My mother-in-law spent her childhood on a small, hard-scrabble farm in the middle of Kansas during the Depression. Winters were cold and the summers, for her, worse: scorching hot and humid. The kind of weather we know so well in the Midwest, a steam bath of heat not relieved by sundown and, of course, back then unmitigated by air-conditioning. The summer she turned 16, she was invited to work on a relatives berry farm near Greeley, Colorado.

Bam.

Warm, dry mountain air and cool nights that required a blanket. The grass stayed green all summer, not scorched brown and desolate. I’m quite sure that the blood of her Swiss immigrant grandparents awakened — these places of epiphany may very well be our DNA stirring to life. Colorado, just a state away, was now her magical place. One-week summer vacations and, finally, the place she retired.

Epiphany can be a sudden, intuitive insight into the reality of life–that it is glorious.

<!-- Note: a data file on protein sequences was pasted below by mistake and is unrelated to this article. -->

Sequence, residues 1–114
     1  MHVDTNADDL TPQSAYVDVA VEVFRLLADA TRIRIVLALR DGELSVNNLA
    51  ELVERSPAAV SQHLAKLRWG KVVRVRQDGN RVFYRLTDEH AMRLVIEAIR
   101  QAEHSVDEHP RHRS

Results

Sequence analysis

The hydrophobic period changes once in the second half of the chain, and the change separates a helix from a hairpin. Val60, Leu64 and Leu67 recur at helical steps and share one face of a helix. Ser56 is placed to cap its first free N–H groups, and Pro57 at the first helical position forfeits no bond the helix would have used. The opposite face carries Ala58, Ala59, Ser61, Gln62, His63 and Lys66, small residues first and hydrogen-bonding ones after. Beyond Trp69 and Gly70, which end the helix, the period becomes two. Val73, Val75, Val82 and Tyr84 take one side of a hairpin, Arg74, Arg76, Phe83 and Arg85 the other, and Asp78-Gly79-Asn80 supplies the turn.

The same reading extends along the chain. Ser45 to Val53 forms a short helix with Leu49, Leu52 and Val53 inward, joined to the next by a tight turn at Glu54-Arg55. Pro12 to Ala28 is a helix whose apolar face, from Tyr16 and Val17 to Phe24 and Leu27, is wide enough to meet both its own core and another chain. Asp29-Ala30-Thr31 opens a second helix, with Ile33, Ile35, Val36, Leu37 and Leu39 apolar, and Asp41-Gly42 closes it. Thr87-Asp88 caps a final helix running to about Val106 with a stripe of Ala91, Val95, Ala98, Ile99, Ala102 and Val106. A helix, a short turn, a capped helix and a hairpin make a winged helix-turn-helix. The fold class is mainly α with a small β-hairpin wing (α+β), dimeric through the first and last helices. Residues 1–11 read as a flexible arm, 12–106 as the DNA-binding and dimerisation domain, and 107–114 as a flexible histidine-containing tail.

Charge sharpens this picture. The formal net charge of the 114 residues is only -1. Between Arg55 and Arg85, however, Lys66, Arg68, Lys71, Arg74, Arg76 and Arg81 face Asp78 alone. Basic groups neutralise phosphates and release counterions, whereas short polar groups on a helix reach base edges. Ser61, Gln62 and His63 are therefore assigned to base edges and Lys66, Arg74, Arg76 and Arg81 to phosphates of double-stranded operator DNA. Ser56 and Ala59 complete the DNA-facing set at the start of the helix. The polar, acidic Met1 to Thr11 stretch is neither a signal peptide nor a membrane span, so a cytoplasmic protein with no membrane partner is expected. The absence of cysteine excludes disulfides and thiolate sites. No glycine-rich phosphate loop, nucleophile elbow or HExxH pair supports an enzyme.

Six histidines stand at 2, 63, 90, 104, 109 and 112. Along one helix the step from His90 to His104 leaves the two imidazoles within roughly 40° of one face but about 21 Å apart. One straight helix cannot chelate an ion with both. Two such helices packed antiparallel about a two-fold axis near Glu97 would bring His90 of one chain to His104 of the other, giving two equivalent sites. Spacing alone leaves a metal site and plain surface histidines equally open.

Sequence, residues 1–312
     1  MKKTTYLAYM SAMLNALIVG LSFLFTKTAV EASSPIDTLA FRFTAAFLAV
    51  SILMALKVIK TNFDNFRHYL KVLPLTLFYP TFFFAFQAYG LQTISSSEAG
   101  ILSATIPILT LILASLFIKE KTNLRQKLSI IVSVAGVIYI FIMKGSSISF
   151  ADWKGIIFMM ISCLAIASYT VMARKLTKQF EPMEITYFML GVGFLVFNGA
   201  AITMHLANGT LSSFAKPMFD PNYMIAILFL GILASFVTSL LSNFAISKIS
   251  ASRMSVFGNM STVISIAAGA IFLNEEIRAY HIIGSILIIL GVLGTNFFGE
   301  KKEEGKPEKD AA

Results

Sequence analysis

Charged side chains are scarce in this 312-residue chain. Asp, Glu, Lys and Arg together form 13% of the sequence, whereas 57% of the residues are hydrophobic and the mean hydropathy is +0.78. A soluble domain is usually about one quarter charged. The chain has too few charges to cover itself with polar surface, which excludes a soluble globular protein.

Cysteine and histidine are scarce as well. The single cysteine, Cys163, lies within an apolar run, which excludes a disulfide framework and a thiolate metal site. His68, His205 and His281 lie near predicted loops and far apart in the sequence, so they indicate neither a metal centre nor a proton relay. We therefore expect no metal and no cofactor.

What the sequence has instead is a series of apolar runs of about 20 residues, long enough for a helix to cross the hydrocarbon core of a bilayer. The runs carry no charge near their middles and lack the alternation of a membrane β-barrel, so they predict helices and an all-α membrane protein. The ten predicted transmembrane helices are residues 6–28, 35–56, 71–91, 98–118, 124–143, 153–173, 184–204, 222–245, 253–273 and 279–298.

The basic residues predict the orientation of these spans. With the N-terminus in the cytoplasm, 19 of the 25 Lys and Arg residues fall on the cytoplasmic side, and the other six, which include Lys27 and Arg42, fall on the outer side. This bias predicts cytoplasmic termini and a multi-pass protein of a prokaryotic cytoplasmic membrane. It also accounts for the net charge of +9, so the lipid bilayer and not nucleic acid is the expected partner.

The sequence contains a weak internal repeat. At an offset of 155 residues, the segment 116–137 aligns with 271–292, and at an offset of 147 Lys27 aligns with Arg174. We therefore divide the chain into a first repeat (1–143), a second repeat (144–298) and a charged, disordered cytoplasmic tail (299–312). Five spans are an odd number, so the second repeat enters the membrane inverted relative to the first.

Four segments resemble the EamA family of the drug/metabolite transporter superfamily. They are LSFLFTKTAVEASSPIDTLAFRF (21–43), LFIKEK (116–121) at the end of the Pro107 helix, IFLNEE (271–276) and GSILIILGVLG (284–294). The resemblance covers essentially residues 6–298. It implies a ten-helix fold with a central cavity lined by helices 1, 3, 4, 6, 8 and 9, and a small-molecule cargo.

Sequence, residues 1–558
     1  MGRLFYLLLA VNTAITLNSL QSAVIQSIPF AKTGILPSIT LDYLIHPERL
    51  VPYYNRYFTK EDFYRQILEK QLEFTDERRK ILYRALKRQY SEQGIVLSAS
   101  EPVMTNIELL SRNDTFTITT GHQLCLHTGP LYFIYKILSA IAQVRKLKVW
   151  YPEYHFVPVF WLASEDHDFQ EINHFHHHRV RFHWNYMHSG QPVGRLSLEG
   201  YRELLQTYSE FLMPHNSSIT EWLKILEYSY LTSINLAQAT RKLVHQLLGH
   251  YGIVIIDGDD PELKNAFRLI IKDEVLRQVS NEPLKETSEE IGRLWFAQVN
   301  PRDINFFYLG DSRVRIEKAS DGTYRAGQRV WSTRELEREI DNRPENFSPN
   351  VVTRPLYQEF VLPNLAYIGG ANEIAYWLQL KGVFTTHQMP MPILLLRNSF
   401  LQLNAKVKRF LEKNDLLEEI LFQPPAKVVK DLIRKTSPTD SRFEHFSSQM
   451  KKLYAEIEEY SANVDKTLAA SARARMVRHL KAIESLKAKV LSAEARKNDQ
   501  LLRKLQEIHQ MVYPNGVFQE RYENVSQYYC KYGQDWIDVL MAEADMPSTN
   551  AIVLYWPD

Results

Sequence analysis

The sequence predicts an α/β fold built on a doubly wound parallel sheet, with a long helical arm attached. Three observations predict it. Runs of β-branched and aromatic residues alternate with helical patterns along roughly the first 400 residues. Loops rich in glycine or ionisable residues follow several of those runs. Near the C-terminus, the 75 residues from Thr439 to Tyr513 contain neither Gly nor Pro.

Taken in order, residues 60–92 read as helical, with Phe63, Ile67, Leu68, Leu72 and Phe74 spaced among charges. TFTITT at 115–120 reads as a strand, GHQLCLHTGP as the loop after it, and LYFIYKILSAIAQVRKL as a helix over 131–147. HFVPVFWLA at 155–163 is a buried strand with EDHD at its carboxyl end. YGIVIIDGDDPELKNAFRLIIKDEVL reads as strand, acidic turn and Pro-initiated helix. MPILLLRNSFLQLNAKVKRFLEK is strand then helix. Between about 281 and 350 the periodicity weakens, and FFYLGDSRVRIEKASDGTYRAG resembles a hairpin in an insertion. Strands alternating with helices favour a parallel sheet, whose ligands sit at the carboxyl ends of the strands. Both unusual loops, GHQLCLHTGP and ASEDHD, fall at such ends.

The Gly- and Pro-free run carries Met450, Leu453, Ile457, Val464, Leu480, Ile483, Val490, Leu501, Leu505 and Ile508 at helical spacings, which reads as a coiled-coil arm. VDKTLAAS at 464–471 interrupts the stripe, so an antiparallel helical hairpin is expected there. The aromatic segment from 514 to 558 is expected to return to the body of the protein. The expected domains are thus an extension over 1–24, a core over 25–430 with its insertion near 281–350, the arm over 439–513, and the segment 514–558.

Two places on this earth will always be magical to me: coastal California and France. As a child in the first and a young woman in the second, I intensely experienced the sublime. In California I rode salty waves on a boogie board, ate soft-serve ice cream on the warm sand, and was happier than I had ever been. Ever. In France, well, I’m hardly the first: the food, the architecture, the art, the people. I’ve been to many stunning places since, but those were the first two times that I fell madly in love with life.

You don’t forget. If you are lucky you return again and again.

When I was 44 and took a summer off to write, I went to Central California.

And now I go to France. I will study the language and write.